Question: Tim, I can’t say I admire your exegesis in your article Confusing Bible Verses, Free Will, & Determinism (Part 1), explaining the biblical texts. Within the context of John 6:44 it’s clear the key is not the word “can” but the statement as a whole that those who come to Jesus (believe in him) … Continue reading Confusing Bible Verses, Free Will, & Determinism (Part 2)
Over the past few years my life has been completely transformed by the renewing of my mind (Romans 12:2)! There have been many academics who have sharpened me along the way, but if push comes to shove and I were asked to provide the “Mount Rushmore” list of people who have influenced me the most when … Continue reading Mt. Rushmore of Apologetics
Question: Hey Tim, after reading pretty much everything on your website, it has reaffirmed my belief in free will. Although there are a few Bible verses that are troubling me… this may just be bad interpretation, but if you could explain how these play into the free will mindset, that would be great: John 6:44 … Continue reading Confusing Bible Verses, Free Will, & Determinism (Part 1)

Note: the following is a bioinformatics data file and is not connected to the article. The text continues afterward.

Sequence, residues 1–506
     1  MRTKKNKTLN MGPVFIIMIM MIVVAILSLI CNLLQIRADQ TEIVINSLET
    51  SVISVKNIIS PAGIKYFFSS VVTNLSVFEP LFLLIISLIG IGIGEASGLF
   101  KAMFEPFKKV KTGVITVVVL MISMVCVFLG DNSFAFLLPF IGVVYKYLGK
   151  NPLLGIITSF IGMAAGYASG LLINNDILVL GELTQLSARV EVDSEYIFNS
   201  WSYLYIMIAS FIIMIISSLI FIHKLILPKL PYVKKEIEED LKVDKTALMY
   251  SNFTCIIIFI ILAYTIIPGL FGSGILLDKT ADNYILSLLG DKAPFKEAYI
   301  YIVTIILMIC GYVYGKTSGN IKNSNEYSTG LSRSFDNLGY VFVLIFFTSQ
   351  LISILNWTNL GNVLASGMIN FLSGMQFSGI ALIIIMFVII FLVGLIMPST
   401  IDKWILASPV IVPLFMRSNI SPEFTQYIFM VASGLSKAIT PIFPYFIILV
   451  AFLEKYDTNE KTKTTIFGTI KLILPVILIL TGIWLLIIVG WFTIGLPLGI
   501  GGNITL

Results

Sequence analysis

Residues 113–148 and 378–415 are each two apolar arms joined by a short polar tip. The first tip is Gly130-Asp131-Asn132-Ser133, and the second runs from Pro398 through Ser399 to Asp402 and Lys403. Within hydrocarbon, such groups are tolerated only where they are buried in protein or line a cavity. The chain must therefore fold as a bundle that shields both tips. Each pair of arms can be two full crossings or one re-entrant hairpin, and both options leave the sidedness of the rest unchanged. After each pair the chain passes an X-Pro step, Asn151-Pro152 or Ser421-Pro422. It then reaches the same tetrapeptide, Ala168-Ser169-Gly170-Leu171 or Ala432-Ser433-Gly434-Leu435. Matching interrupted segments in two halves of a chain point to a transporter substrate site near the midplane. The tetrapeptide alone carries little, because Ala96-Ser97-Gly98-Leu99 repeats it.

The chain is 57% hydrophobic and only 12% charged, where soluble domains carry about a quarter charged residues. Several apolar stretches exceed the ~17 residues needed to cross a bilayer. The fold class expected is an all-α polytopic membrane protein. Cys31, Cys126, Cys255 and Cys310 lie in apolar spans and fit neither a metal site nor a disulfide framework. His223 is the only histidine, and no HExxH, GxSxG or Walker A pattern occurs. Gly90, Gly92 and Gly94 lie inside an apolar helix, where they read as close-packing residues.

Like clockwork, whenever I offer logic-based arguments or syllogisms that deductively conclude a certain worldview is false (like this one), those who presuppose otherwise come out of the woodwork to express their disdain. It never ceases to amaze me how some are so blindly committed to a certain view that they reject opposing conclusions based on … Continue reading “The Bible Trumps Logic!”
Welcome to the fourth – and LONG overdue – edition of my series Stuff Atheists Say. This is where I deconstruct some of the sillier slogans that some atheists use as conversation-stoppers with theists. (And if you haven’t checked out the first three yet, you can catch up here: part 1, part 2, part 3.) … Continue reading Stuff Atheists Say: Atheism Is a Lack of Belief